Bulls VP John Paxson, about 90 minutes prior to the game, said: “We’ve had great communication with Derrick. Derrick has never expressed anything like that to us. That’s what we know.”
A few minutes later, Paxson and GM Gar Forman met with Rose for about five minutes. The team then released a statement from its injured star. It read:
“I have always felt that the Bulls organization’s goals have been the same as mine and that is to bring another championship to this city.”
Notice any absence of when.
Rose raised eyebrows initially when he told USA Today on Feb. 11 that he needs to be more than fully recovered to play this season. “I’m not coming back until I’m 110%,” he said. “Who knows when that can be? It can be within a couple of weeks. It could be next year.” He echoed those comments two nights later to Bulls reporters in Boston.
So maybe Rose’s return wouldn’t hinge solely on his recuperative powers. Or even on the Bulls’ record, their competitiveness in the Eastern Conference or even Rose’s $16.4 million salary for this season.
Those who have undergone and returned from ACL surgery, such as Minnesota’s Ricky Rubio and New York’s Iman Schumpert most recently, have found that “110 percent” – besides being bad math – is unrealistic. Doctors will tell you that once a player no longer is in danger of re-injury, only time and work in live competition can get a player from 70 or 80 percent to 90, on up to 100.
Like the others, Rose would return with a minutes limit, gradually increasing his workload and almost necessarily being less than the player he was when he got hurt. He might follow good games with poor ones, for no apparent reason. So now folks have to winder: Do his agents or sponsors want Rose back only at Superman level, to fulfill the drama of those sneaker commercials?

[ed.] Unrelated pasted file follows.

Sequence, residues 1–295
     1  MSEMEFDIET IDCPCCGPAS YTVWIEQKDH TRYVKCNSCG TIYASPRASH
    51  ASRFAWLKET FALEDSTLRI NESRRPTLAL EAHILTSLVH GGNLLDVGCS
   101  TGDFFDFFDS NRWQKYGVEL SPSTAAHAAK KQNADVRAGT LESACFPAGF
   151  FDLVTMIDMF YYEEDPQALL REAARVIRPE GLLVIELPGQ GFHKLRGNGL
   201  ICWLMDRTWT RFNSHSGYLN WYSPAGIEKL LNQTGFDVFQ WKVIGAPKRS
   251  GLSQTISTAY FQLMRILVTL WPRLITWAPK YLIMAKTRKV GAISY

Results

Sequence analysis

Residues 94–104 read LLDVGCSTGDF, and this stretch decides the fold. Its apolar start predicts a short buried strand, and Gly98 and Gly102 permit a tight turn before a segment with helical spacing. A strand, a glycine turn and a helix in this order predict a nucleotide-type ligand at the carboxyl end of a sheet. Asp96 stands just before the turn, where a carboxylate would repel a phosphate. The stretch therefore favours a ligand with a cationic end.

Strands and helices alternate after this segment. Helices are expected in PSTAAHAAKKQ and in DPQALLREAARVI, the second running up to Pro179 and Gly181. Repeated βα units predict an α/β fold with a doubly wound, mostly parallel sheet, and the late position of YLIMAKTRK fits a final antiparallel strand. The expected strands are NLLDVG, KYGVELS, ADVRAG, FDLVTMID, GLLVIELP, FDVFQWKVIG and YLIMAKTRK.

Or might this be a way to hold Paxson’s and Forman’s feet to the fire this summer, leveraging some offseason moves in hopes that Rose and his business partners will approve and be ready for training camp?
This sort of suspicion and doubt previously was unheard of with the soft-spoken Bulls star.
For now, he and his bosses are sticking to the original script: Rose will play again when he’s capable, no sooner. Presumably no later.
“His body is going to tell him when he’s ready,” Paxson said. “The fact that he’s on the floor now [practicing 5-on-5], that’s the logical progression to all this. When he’s ready, we’ll know. I’ve been around enough, having played, to know you never tell a player when he should play off of an injury, especially a significant one.”
Coach Tom Thibodeau was asked if Reggie Rose’s comments would be disruptive or a slight to other Bulls players.
“Not really,” Thibodeau said. “Obviously Reggie and Derrick are very close. We share the same concerns about Derrick’s health. So it’s not a big deal. Reggie’s entitled to his own opinion. We all want the same things. We want Derrick’s health and obviously we’re trying to pursue winning a championship.”
The we just seems a little strained from what it once was. The lines of it – Rose and the Bulls or Rose and Rose Inc. – suddenly are hard to discern, for the first time.